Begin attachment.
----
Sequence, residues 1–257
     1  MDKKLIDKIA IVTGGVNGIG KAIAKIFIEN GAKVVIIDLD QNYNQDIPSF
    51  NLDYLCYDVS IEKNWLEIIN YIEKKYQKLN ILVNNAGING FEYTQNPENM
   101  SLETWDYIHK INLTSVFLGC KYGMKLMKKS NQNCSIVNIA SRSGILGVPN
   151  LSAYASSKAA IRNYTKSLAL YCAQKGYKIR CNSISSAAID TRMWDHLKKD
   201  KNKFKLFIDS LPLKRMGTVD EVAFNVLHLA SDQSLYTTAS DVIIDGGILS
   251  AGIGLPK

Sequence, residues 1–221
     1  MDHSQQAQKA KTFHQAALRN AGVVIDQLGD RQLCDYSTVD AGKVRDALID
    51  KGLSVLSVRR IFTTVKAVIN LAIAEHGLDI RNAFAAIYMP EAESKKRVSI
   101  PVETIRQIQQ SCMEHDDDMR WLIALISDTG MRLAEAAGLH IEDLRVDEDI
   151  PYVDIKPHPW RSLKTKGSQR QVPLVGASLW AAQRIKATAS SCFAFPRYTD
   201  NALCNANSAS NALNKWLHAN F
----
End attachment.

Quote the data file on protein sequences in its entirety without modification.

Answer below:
Sequence, residues 1–257
     1  MDKKLIDKIA IVTGGVNGIG KAIAKIFIEN GAKVVIIDLD QNYNQDIPSF
    51  NLDYLCYDVS IEKNWLEIIN YIEKKYQKLN ILVNNAGING FEYTQNPENM
   101  SLETWDYIHK INLTSVFLGC KYGMKLMKKS NQNCSIVNIA SRSGILGVPN
   151  LSAYASSKAA IRNYTKSLAL YCAQKGYKIR CNSISSAAID TRMWDHLKKD
   201  KNKFKLFIDS LPLKRMGTVD EVAFNVLHLA SDQSLYTTAS DVIIDGGILS
   251  AGIGLPK

Sequence, residues 1–221
     1  MDHSQQAQKA KTFHQAALRN AGVVIDQLGD RQLCDYSTVD AGKVRDALID
    51  KGLSVLSVRR IFTTVKAVIN LAIAEHGLDI RNAFAAIYMP EAESKKRVSI
   101  PVETIRQIQQ SCMEHDDDMR WLIALISDTG MRLAEAAGLH IEDLRVDEDI
   151  PYVDIKPHPW RSLKTKGSQR QVPLVGASLW AAQRIKATAS SCFAFPRYTD
   201  NALCNANSAS NALNKWLHAN F